Single-cell visualization of DNA repair
The creation of a DNA double strand break constitutes the most dangerous type of DNA damage. Inefficient response to DNA damage may lead to hypersensitivity to cellular stressors, susceptibility to genomic defects and resistance to apoptosis, which can lead to cancer. Current research on DNA repair has enabled numerous breakthroughs in our understanding of the DNA repair mechanisms at the population level. However, population level measurements by nature have two fundamental shortcomings: First, they are only sensitive to the mean of a distribution and usually hide the standard deviation and the cell-to-cell variability of the repair processes. Second, the population level measurements do not visualize the repair process and therefore the exact mechanism by which the donor and recipient sequences are brought together is not well understood. Single cell visualization of DNA repair in vivo is a powerful new technique, which addresses both of these aspects. Because quantitative understanding of the DNA repair mechanism at the level of single cells has been lacking, the impact of epigenetic individuality on DNA repair has also been ignored. To proceed further it is critical to acknowledge that cells even in genetically identical population exhibit individuality, which has important implications on the fitness of a population.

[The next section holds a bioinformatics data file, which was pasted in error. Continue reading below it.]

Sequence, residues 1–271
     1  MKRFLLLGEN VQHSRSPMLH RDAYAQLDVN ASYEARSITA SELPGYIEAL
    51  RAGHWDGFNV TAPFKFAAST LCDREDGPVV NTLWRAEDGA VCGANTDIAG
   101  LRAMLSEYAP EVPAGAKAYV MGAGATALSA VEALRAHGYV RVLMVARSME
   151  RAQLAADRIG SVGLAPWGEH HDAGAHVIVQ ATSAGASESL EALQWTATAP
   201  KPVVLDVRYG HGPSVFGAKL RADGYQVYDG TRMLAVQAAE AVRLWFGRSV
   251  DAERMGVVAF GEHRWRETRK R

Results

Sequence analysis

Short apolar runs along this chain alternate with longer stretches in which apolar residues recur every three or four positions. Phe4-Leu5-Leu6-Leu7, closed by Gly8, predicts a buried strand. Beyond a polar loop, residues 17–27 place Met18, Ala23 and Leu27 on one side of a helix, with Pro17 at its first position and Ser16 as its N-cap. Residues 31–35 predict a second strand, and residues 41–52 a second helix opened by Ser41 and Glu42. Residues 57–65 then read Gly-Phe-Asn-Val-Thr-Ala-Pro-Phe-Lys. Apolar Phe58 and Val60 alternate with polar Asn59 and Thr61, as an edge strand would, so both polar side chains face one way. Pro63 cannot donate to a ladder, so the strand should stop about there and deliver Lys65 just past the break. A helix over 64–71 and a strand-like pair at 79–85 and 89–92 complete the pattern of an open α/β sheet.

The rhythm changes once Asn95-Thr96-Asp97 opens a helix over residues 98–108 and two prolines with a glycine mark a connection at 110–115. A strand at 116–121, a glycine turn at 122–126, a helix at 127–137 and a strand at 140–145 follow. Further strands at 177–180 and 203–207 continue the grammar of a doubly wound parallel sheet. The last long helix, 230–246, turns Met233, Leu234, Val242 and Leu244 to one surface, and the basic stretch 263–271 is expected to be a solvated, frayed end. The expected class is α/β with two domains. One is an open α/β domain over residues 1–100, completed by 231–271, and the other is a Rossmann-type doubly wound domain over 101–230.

My lab utilizes a multidisciplinary approach, to understand the mechanism of DNA repair during the mating type switching in yeast. By fluorescently tagging several locations of DNA (Fig. 1), we visualize the dynamics of yeast chromosome III, during and after the formation of a very well defined double-strand break. Additionally by tagging several key proteins involved in the repair process, the exact timing of the repair can be quantitatively measured. These quantitative measurements will be used to formulate a predictive mathematical model of the repair process, based on polymer models of chromosomes.
We use a microfluidic device to enable rapid exchange of different media over the cells, thereby allowing precise regulation of the cells microenvironment (in collaboration with Amy Rowat from David Weitz's lab at Harvard University) (Fig. 2). My lab is actively collaborating with the Haber Laboratory (Biology, Brandeis).
Figure 1: Chromosome III of yeast is tagged in 2 different locations
The DNA dynamics during the repair is visualized by inserting arrays of LacO binding LacI-GFP at sequences near the donor and recipient DNA.
Figure 2: The Progeny chamber
The progeny of a single cell grow in the channels. The depth of the channels and the size of the cells are comparable (5 mm) and therefore cells do not grow out of focus, which allows for long-term microscopy over many cellular generations. The cells grow with doubling time of approximately 90 minutes, which is consistent with the bulk growth rate measurement and demonstrates optimal growth conditions.